Max headroom: Sunak uses Budget windfall to boost spending

27 Oct 21

Tax rises included in chancellor Rishi Sunak’s Autumn 2021 Budget could be preparing the way for a cut in rates before the next election, says Dan Corry.

Dan Corry

This was a strange but very significant fiscal event.

Already we have had two such announcements in 2021 and they were massive.

So, we need to see all three together to try to understand what is going on – and to try to see whether ‘brand Sunak’ is a ‘big spender’, Johnson type guy or a small ‘c’ conservative, ‘worry about the deficit’ kind of guy.

In March we had a substantial and largely disguised income tax rise as personal allowances and higher thresholds were frozen for four years – while there were announcements of steep future rises in corporation tax.

In September we had the announcement that despite the manifesto pledges, national insurance would go up (to help health and social care).

Both of these moves were accounted for in the Budget arithmetic with the Office for Budget Responsiblity noting that taking the March and October budgets together, “the chancellor has raised taxes by more this year than in any single year since Norman Lamont and Ken Clarkes’ two 1993 Budgets”.

So, what happened today?

How much of the pre briefed spending was new, how much in fact multi-year and so less bit than it sounded, how much was in nominal rather than real terms, how much was capital – when arguably current was what was needed?

Where are we now on the debt and deficit?

And what did Sunak do about the risks to the economy – inflation and a potential hike in interest rates being amongst the biggest dangers – and a return to more Covid-19 restrictions also being a strong possibility.

The OBR forecasts were for more growth than back in March – mainly thanks to the strong bounce back so far from the pandemic lockdowns.

And the so called ‘scarring’ at 2% was less than previously forecast (at 3%).

The forecasts would probably have been a bit better still if the OBR had been allowed by the chancellor to use more recent data.

Add to this the tax rises – and things like the suspension of the triple lock on pensions – and forecast deficits are lower too than in March.

On the whole it looks like Sunak used the headroom created to mainly increase spending, with some small tax cuts and some reduction in borrowing so that he hit his new fiscal rules (which, incidentally, look rather like the old ones).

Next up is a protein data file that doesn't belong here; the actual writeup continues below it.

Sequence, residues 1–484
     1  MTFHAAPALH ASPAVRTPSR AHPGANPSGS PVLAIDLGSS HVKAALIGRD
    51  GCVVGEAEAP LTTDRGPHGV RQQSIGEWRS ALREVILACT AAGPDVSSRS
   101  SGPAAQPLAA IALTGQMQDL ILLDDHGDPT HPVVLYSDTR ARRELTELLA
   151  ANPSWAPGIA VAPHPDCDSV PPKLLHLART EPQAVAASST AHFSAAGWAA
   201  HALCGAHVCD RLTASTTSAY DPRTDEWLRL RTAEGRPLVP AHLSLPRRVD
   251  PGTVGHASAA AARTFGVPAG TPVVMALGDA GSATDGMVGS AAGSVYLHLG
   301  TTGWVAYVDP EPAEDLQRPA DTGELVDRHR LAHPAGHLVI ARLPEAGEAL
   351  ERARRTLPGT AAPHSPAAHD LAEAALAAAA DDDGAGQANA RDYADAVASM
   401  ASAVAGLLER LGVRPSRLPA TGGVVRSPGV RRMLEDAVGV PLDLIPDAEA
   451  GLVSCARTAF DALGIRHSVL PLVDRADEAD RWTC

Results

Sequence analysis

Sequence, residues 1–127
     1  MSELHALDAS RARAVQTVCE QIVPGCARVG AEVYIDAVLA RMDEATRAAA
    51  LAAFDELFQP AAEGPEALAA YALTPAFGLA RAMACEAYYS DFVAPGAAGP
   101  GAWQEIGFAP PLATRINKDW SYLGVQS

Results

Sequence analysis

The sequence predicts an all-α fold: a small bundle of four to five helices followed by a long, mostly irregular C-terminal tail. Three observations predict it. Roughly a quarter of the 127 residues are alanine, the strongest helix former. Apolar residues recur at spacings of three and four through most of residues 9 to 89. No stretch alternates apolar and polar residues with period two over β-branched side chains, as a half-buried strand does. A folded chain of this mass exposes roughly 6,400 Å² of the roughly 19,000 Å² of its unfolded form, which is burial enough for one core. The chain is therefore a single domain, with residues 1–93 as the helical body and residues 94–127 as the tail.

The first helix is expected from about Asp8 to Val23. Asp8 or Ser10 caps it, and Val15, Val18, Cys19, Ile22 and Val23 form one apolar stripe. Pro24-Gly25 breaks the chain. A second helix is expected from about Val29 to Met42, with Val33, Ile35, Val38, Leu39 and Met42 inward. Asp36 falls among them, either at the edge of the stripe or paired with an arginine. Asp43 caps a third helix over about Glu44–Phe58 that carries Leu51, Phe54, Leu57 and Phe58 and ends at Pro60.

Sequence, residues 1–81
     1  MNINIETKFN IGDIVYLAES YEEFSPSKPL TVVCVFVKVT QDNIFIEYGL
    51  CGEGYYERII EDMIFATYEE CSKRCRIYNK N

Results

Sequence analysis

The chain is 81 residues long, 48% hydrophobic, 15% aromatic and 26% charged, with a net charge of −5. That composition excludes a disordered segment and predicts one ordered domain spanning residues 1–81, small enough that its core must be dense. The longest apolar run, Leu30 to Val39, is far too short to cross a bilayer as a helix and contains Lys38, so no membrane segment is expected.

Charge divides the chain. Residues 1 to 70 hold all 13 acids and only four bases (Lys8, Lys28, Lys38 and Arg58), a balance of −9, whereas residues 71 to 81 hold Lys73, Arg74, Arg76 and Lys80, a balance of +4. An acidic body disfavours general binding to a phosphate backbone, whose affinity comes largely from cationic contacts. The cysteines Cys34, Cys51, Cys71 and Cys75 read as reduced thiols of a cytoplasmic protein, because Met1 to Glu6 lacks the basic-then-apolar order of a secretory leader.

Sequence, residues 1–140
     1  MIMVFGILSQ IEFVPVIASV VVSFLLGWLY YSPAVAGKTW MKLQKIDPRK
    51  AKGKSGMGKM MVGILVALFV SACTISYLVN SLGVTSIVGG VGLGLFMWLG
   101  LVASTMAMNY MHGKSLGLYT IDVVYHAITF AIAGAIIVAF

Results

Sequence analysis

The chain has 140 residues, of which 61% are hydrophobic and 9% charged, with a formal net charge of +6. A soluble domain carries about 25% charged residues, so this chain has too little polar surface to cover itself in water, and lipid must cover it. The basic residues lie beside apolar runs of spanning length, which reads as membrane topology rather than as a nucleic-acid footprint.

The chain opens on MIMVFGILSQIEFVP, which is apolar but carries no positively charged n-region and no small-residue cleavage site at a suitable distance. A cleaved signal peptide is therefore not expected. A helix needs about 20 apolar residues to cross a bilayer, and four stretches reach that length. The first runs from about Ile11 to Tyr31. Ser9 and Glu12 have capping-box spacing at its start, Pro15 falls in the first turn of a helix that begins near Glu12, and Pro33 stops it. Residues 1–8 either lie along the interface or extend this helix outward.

So we continue with tax as a share of GDP being very high – the OBR says the highest since the 1950s - and public spending also at a high ratio (almost 42% by 2026-27) especially given we are not in a recession.

It was vital that we finally got a three-year spending review as departments, local government and everyone else who needs to plan around them had been living on a thin diet of annual reviews for the last few years.

Health has done well – but we knew the current side of that already.

And in fact, while overall spending is increasing quite fast at present – after the decade of austerity that the Conservative led governments introduced following their 2010 election victory – health is gobbling up an awful lot of that.

In fact, IFS director Paul Johnson estimates health’s share at 40% of everyday spending increases, leaving not much on the current, everyday spending, for the rest.

But in contrast to most of the Spending Reviews of the past 12 years, we did see real terms increases more or less across the board. 

This was good especially for areas that had experienced big cuts over many years – like justice and local government.

Whether it is enough to offset those cuts is debatable.

The announcements on 'Levelling Up' were also a bit underwhelming – maybe we have to await Michael Gove’s White Paper for more action there.

And many will be confused as to how some of the measures announced fit with the effort to hit net zero and impress at COP26, – the cut in domestic flight tax and the freezing of fuel duty among them.

The chancellor was clearly aware of the cost-of-living crisis and there was welcome news on the minimum wage, and an important change in the Universal credit taper rate.

However, early analysis suggests that with higher inflation in the offing, energy prices rising, the NIC rises, and tax threshold freezes the next five years will not be great ones for real household disposable income.

The chancellor made a big play in his speech that he really wanted to be a tax cutting chancellor.

He must hope that the economic and fiscal forecasts improve over the next year or so to give him a war chest ready for pre-election handouts.

But of course, things could easily go the other way.

Read more analysis of 2021 Budget and Spending Review

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